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John Howard Smith

fisherman, harbor pilot, and elite member of Charleston, South Carolina's, black population, was executed by the provincial government for purportedly fomenting a slave insurrection at the outset of the American War for Independence. Much of Jeremiah's life is shrouded in mystery. Born to unidentified slave parents, Jeremiah—or “Jerry” as he may also have been known—secured his freedom by some means in the 1750s or 1760s and was married, but the identity of his wife is not known. The marriage apparently produced no children.

Like many other young Low Country slaves and free blacks, Jeremiah became intimately familiar with South Carolina's river transport networks, and by 1760 had established himself as a capable pilot in and around Charleston Harbor He parlayed the time spent on the water into a lucrative fishing business He supplied the port city residents with his daily catches and in time became arguably one ...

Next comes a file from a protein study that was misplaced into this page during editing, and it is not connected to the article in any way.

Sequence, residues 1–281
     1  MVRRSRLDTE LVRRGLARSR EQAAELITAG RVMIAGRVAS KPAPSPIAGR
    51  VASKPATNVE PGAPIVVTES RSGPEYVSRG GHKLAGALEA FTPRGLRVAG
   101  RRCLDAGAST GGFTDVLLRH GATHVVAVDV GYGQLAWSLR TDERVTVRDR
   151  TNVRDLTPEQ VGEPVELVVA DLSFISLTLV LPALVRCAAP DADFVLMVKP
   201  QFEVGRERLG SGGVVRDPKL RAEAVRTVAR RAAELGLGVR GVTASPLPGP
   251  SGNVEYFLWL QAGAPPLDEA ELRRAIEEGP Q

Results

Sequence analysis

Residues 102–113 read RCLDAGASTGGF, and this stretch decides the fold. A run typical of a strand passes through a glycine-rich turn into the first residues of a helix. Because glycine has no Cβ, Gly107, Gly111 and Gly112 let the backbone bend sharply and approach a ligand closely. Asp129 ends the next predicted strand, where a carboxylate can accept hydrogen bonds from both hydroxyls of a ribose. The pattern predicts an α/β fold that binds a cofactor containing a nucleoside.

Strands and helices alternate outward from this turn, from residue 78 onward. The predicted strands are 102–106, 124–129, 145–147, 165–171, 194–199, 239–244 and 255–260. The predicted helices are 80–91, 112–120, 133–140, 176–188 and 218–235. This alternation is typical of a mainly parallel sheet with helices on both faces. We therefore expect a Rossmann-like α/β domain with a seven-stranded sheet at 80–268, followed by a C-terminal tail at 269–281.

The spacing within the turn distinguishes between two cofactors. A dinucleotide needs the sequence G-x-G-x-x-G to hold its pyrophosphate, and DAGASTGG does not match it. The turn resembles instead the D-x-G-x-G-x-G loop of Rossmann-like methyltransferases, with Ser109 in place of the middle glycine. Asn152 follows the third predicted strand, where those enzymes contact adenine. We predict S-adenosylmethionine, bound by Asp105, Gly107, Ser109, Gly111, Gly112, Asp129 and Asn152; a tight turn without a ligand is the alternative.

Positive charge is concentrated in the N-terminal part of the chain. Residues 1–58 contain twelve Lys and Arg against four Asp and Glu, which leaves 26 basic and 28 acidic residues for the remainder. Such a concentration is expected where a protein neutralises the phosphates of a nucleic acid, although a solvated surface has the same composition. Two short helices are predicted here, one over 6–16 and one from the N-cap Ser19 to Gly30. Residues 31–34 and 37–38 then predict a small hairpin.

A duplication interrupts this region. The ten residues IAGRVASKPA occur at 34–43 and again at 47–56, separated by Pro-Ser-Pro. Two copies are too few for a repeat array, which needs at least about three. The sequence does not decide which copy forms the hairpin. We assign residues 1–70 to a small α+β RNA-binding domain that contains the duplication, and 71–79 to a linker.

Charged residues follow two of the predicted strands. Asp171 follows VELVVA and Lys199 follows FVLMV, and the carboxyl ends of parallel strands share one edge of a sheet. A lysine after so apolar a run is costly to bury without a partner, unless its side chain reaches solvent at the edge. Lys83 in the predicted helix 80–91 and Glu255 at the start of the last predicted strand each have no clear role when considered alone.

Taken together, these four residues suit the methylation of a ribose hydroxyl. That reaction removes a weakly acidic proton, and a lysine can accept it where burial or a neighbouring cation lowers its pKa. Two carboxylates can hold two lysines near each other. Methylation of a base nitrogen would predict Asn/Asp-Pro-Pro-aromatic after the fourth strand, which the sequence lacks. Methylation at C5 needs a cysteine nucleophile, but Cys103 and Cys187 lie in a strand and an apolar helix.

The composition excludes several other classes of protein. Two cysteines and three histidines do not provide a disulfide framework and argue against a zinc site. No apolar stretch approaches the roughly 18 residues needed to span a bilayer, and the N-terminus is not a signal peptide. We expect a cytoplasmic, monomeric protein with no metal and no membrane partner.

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Philip D. Morgan

Jeremiah, Thomas (?–18 August 1775), free black pilot and fisherman who was executed for allegedly fomenting a slave uprising was born a slave to unknown parentage Although his birthplace is unknown Jeremiah lived his adult life in Charleston South Carolina By the middle of the eighteenth century he had somehow secured his freedom He married but when and to whom are a mystery There were no known children At least by the early 1750s Jeremiah worked as a harbor pilot In 1755 a newspaper report attributed an accident to the Carelessness of a Negro Pilot Jerry But Jeremiah earned more respect for his skill and courage as a firefighter Indeed in 1768 he capitalized on his good reputation to establish himself as a fisherman offering fresh fish daily to urban residents He became a prosperous member of the Charleston community and perhaps one of the richest free ...